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Local Ties to Russia Weigh in

Our Jerome Sawyer speaks with someone of Russian heritage who shares a perspective not often heard on this side of the world.

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FREEPORT, GRAND BAHAMA – Reports on Russia’s invasion of Ukraine have largely focused on Russia’s aggression and the casualties on the Ukrainian people.

Our Jerome Sawyer speaks with someone from that region who shares a perspective not often heard on this side of the world.



Grand Bahama resident Ina Simmons has lived here for 25 years.

Born in Lithonia under the communist rule of the former Soviet Union.

She is of Russian heritage and speaks the language fluently, which allows her to “literally” hear both sides of the conflict.

While the western media has shown mainly Russian aggression against the Ukrainians.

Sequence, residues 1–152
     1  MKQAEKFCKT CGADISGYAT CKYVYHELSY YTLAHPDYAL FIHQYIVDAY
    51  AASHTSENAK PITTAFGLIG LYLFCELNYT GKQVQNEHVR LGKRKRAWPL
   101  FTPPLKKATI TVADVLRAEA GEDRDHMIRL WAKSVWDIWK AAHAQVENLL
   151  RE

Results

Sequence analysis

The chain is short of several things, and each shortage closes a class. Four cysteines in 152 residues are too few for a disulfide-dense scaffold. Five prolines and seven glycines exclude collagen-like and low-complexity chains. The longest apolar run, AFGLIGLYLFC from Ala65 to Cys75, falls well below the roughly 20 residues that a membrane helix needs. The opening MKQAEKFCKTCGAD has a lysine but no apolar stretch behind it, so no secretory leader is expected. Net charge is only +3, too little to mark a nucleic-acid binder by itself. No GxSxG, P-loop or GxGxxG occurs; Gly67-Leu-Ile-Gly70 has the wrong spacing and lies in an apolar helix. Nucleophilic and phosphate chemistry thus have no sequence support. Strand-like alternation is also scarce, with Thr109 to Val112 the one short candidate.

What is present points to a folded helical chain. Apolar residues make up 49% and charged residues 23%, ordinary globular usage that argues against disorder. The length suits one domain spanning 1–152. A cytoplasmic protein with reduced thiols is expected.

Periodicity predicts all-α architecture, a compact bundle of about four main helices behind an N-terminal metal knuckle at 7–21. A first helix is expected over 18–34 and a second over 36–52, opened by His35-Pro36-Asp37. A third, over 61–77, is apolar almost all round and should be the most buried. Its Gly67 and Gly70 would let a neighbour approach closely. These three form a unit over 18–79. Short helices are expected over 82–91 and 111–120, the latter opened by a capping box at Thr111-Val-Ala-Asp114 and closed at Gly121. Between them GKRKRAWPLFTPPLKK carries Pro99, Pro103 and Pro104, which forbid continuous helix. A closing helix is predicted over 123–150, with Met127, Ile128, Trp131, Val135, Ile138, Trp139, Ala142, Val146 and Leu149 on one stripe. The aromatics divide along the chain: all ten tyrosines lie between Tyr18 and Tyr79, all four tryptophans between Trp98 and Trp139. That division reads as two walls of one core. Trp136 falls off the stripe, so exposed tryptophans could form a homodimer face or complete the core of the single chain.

Simmons says Russian media reports claim genocide against Russians and tells stories of extremists inside Ukraine.

Whether substantiated or not, it’s a side of the story we have not heard on this side of the world.

It’s the opposition to NATO’s expansion and claims of neo-Nazi forces in Ukraine which – on the surface – are being used by Russian president Vladimir Putin – to stage these attacks.

What’s worse, Simmons does not see the Russians backing down any time soon.

She cites the eight-year conflict in the Donbas region as fueling Russian aggression.

This weekend the Kremlin-based Russia Today Network was banned in Europe and Canada on claims it was toxic, giving harmful disinformation.

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